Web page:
Three Kenyans have been charged with the murders of 76 people killed when bombs exploded as they watched the World Cup on TV in Kampala, Uganda.
Hussein Hassan Agad, 27, Mohamed Adan Abdow, 25, and Idris Magondu, 42, were also charged with terrorism and 10 counts of attempted murder.
They have yet to enter pleas and will remain in custody until their next court appearance on 27 August.
Al-Shabab, a Somali Islamist group, said it carried out the attacks.
Ugandan peacekeepers are in Somalia, helping the weak, UN-backed government against al-Shabab, which has links to al-Qaeda.
The African Union this week pledged to boost its peacekeeping force in Somalia by 4,000 troops, after a summit meeting in Kampala, which was overshadowed by the attack.
Only Uganda and Burundi have so far sent troops to the Somali capital, Mogadishu and al-Shabab had threatened to attack both countries.
The explosions on 11 July, which also injured about 70 people, ripped through a rugby club and an Ethiopian restaurant as football fans watched the last few minutes of the World Cup final.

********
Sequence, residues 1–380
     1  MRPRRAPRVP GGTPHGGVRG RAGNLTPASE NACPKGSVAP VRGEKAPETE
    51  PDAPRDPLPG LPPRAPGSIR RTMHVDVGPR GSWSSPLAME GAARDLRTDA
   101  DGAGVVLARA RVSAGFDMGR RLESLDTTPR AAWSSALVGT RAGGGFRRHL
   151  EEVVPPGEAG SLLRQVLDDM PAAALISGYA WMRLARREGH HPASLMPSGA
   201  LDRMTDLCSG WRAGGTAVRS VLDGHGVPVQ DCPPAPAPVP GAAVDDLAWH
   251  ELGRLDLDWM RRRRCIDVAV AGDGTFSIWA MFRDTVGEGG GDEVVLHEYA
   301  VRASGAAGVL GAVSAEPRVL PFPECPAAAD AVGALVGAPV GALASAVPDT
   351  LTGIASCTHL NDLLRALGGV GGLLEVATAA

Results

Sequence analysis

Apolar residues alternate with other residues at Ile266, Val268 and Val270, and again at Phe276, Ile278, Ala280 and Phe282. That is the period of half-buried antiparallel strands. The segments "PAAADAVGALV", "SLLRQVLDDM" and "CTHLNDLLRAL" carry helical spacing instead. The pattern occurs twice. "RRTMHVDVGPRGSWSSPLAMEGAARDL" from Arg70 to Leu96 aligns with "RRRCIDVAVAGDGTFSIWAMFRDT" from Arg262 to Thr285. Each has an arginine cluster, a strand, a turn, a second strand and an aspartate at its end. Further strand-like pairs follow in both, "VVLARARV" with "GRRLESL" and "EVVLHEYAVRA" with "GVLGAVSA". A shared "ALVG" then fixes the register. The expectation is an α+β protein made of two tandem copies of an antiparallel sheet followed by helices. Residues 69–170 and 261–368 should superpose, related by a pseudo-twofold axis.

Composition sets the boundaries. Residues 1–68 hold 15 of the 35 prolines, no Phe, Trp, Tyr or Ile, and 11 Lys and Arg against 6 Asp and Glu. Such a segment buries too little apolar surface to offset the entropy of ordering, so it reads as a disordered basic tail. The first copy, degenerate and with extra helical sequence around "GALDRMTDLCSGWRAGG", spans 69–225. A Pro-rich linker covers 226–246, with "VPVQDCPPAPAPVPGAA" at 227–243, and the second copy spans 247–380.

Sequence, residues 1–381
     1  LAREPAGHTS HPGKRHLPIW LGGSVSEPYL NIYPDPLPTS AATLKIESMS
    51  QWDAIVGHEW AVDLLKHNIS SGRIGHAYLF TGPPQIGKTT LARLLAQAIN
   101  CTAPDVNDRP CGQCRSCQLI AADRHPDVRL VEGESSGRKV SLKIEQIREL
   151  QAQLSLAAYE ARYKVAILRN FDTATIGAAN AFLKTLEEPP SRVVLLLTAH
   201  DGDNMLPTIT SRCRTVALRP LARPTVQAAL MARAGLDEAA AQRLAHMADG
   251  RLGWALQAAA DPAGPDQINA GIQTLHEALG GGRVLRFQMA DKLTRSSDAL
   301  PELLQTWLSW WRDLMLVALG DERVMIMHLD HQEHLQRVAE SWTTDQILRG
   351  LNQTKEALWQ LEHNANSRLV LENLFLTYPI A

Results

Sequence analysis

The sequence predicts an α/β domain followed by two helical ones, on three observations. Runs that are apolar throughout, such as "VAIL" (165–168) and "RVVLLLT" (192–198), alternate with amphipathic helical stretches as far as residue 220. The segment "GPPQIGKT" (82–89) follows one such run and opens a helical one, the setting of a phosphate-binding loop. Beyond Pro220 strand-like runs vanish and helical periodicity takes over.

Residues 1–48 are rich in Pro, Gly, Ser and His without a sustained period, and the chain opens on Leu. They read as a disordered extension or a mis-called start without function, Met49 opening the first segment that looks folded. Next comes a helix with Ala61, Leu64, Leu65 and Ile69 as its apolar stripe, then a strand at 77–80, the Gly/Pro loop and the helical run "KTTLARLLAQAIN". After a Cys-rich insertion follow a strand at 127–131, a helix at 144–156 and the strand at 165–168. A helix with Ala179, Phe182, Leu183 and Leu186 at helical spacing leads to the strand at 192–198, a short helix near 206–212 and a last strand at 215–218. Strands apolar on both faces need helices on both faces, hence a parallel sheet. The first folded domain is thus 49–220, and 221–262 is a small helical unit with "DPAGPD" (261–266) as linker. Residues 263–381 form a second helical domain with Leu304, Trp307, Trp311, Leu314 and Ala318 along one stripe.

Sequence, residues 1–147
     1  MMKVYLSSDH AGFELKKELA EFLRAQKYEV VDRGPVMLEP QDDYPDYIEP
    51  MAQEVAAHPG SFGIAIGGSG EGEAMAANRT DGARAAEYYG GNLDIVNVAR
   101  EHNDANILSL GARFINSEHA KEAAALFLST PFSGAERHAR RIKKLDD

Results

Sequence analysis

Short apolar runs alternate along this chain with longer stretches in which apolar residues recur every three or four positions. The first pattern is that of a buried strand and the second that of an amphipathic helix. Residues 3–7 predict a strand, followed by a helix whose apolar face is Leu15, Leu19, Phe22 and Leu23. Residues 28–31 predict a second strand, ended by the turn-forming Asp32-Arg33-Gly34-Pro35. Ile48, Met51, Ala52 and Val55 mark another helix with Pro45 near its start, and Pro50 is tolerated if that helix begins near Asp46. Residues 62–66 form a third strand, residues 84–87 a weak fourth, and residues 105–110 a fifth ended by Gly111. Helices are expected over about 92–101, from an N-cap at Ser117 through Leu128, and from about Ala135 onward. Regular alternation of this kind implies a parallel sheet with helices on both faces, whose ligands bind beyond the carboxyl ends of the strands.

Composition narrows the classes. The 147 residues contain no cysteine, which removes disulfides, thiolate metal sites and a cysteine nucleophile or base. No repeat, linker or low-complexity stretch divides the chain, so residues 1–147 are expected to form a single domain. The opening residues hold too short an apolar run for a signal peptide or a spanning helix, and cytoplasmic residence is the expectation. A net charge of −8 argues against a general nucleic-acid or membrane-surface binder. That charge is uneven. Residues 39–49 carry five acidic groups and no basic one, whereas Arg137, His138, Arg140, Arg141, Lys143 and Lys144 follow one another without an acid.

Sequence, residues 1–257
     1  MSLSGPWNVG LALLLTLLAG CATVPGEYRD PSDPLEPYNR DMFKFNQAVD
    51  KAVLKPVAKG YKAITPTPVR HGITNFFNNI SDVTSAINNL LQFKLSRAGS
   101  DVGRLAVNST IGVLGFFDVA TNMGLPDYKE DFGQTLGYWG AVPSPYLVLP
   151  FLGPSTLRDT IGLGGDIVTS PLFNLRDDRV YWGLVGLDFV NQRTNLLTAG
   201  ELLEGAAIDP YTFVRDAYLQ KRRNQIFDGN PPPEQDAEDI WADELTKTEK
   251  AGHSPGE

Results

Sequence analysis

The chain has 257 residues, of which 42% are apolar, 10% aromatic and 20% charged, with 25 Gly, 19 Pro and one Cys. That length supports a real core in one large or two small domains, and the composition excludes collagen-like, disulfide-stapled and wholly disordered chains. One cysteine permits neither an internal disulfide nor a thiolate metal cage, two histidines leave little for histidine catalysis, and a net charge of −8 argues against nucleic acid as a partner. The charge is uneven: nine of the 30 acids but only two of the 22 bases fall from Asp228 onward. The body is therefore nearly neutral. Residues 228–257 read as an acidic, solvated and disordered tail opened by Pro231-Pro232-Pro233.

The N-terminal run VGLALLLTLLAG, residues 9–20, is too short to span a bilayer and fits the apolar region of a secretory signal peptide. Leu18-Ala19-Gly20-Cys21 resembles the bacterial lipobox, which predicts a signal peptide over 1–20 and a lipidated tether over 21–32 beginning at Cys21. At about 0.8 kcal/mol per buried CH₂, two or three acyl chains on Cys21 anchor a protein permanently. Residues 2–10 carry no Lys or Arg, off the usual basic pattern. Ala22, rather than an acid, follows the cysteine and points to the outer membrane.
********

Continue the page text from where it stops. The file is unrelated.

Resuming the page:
The three men, all residents of Kenya, appeared on Friday in a Kampala magistrates court.
The charge sheet identified Hussein Hassan Agad as “a preacher of Islam”, while Idris Magondu was identified as an employee of a trading company in Nairobi, Kenya.
The men were charged with 89 offences. They face 61 counts of murder for those killed at the Kyadondo Rugby Club and 15 counts for those killed at the Ethiopian restaurant.
The charges also include three counts of terrorism and 10 counts of attempted murder.
The men did not speak during their court appearance.
Chief Magistrate Deo Sejjemba said the accused were not allowed to enter a plea because the court does not have jurisdiction over the crime of terrorism.
The three will reappear at the magistrates court on 27 August, but will not be permitted to plead to the charges until Uganda’s Directorate of Public Prosecutions decides the case is ready to move to the High Court.
The three men were remanded in custody.
The BBC’s Ignatius Bahizi, who was in court, says the men were arrested on 12 July, the day after the bombings.
There was no indication of how long they had been in Uganda prior to the attacks, he added.
He says at least 27 people have been arrested by an international team of investigators, including the FBI.
Police said they will bring more suspects to court in the coming days.
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